In 1994, in the valley of France’s Ardeche River, the Chauvet Cave was discovered. Within are the oldest works of art on record with some dating back 32,000 years. When collapsing rocks sealed off the entrance, estimated some 25,000 years ago, the mysteries hidden deep inside remained preserved. The cave appears to have been occupied by humans during two distinct periods: the Aurignacian and the Gravettian. Much of the artwork dates to the earlier, Aurignacian, era of about 30,000 years ago, while the later Gravettian occupation, (25,000 to 27,000 years ago), left little but a child’s footprints as well as the charred remains of fireplaces and ancient smoke stains from the torches that had once illuminated the caves.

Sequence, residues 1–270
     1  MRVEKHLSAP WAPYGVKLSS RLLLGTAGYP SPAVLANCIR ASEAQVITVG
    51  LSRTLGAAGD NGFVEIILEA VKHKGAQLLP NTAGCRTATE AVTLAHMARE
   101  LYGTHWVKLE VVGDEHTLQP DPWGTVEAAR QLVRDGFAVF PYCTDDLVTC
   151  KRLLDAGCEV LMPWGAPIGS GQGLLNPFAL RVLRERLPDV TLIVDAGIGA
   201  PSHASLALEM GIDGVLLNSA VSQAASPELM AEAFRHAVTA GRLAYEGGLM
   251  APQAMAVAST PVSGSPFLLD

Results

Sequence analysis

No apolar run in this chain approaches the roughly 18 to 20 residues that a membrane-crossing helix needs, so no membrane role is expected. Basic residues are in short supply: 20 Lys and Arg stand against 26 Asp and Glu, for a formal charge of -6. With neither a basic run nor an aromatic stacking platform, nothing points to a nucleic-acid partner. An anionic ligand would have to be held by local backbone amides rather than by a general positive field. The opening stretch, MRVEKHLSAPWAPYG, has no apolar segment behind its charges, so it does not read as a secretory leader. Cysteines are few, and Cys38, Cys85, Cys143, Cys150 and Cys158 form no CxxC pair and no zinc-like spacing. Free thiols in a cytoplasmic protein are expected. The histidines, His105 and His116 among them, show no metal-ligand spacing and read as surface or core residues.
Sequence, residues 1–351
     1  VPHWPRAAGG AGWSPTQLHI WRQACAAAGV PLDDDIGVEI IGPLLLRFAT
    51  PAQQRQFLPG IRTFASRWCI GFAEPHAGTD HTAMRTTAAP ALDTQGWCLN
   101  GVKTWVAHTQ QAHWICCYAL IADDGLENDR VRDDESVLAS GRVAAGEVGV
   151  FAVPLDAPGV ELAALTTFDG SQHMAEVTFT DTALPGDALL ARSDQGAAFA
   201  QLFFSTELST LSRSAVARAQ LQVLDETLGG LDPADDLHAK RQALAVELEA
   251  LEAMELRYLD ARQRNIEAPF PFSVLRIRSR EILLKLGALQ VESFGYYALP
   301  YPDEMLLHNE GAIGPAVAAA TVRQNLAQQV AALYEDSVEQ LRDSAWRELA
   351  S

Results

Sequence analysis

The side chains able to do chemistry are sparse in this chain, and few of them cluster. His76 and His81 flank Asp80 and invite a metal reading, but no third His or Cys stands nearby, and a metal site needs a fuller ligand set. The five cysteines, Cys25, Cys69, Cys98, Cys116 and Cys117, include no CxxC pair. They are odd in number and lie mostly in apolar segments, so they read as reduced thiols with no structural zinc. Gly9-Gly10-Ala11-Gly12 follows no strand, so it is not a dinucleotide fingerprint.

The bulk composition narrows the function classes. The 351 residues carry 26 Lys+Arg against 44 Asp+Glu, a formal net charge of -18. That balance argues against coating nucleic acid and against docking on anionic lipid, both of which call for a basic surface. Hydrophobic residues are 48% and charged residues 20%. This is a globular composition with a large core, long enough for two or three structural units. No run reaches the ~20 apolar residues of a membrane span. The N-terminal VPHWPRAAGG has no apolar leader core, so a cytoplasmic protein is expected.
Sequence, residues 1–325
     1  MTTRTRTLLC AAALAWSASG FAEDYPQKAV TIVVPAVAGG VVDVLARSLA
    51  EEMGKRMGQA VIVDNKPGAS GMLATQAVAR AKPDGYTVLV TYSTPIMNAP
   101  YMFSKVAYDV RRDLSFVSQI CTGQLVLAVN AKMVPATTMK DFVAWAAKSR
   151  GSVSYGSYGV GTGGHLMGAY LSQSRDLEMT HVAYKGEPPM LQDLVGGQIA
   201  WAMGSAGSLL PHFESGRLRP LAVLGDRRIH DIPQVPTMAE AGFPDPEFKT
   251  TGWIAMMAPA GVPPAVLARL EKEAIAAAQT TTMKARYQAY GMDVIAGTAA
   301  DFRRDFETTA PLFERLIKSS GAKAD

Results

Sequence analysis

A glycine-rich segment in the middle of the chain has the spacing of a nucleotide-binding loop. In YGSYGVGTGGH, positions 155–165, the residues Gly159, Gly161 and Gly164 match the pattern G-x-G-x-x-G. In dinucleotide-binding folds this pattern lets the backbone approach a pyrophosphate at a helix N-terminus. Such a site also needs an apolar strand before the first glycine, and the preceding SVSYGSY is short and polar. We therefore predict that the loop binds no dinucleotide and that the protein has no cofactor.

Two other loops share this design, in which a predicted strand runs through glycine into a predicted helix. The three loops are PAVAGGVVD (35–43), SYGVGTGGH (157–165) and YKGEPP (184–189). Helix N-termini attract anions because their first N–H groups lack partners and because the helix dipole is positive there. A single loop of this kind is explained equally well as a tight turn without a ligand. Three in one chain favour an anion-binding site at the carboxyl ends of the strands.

Hundreds of animal paintings are depicted, numbering from among thirteen different species.